Amid a rebound in growth equities last week, biotech stocks and exchange traded funds got in on the act, and that could be a positive sign for a group that’s long been slumbering.
For example, the ALPS Medical Breakthroughs ETF (SBIO ) jumped 7.54% last week. Alone, that’s an impressive run, but it’s even more notable when taking into account the fact that SBIO’s bullishness during the third of week helped the fund take out its 20-day moving average and peek above its 50-day line.
Strength in SBIO is all the more relevant for investors hoping for a credible biotech rebound because the ALPS fund tracks the S-Network Medical Breakthroughs Index, which caps member firms at market values of $5 billion at the time of inclusions, meaning the ETF is a good way of gauging sentiment toward smaller biotech equities. There are reasons to believe that SBIO has more upside potential.
“But the sector is not defeated. Many biotech stocks are trading well below their long-term business value, giving investors an opportunity to enter at unusually low prices,” reports the South China Morning Post.
Part of the woes encountered by the broader biotech complex over the past year-plus are problems that SBIO largely avoids. For example, an array of pre-clinical companies went public after lofty multiples, making those stocks vulnerable to selling pressures when trial data didn’t pan out in positive fashion. SBIO member firms are far from pre-clinical, as a requirement of the fund’s index is that components have at least one drug or therapy in Phase II or III trials prior to joining the benchmark.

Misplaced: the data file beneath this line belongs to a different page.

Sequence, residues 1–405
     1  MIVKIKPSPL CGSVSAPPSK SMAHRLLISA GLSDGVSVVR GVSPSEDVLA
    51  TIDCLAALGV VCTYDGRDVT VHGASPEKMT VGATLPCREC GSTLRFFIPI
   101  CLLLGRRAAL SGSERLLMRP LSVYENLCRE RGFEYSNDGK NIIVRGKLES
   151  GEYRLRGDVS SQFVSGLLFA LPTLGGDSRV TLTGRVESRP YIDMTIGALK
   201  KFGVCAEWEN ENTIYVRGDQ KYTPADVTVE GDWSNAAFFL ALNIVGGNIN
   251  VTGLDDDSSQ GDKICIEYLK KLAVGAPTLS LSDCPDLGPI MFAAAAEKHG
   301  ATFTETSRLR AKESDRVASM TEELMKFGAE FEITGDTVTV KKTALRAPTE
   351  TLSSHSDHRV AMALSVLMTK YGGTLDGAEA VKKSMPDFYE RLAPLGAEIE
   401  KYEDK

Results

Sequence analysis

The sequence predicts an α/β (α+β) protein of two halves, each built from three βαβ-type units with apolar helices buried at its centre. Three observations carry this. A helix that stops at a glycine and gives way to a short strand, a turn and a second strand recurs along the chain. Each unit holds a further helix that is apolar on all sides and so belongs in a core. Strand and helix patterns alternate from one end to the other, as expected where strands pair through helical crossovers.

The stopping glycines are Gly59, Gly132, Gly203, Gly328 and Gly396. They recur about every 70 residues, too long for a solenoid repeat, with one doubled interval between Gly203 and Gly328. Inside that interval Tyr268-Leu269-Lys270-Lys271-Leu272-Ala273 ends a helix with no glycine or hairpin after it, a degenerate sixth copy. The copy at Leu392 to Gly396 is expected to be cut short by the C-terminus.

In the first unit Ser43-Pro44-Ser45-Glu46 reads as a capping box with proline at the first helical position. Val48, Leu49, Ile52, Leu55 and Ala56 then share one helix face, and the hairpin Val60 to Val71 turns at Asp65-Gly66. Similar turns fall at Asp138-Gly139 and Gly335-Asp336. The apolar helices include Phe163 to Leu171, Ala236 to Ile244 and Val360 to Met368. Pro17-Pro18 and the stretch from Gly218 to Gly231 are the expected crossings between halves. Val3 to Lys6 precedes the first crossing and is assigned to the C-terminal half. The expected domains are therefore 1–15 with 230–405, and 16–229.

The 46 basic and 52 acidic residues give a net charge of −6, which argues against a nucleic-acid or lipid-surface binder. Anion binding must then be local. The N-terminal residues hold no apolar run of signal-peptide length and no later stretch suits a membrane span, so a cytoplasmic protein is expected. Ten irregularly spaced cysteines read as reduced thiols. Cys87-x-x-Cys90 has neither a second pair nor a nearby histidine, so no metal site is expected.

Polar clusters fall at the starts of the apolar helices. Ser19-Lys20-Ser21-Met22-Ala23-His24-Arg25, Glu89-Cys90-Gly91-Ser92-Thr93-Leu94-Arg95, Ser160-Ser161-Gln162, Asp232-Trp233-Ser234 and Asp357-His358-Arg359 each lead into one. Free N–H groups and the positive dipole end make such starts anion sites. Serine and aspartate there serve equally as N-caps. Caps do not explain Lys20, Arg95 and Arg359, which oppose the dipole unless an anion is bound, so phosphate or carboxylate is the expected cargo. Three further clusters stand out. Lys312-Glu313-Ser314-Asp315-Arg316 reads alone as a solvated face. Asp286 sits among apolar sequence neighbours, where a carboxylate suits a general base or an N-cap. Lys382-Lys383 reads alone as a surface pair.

“Whereas biotech drawdowns typically persisted for less than 70 trading days and chalked up a 28 per cent loss, this pullback is much deeper at more than 240 days. Many companies now trade below the cash value on their balance sheets, and biotech’s average forward price-to-earnings ratio lags that of the S&P 500 and the sector’s long-term average,” according to the South China Morning Post.
The point about cash is highly relevant when evaluating SBIO because the fund’s holdings must have enough capital to survive two years at current burn rates. Rival funds don’t feature that mandate. Plus, cash is always attractive.
“Low valuations and a cash-rich biopharmaceutical industry could also drive mergers and acquisitions. Last year, biopharma M&A activity dropped to US$108 billion, among its lowest in a decade, from US$261 billion in 2019. Accordingly, some estimate that large-cap firms could have US$500 billion cash to spend by the end of this year,” notes the Chinese newspaper.
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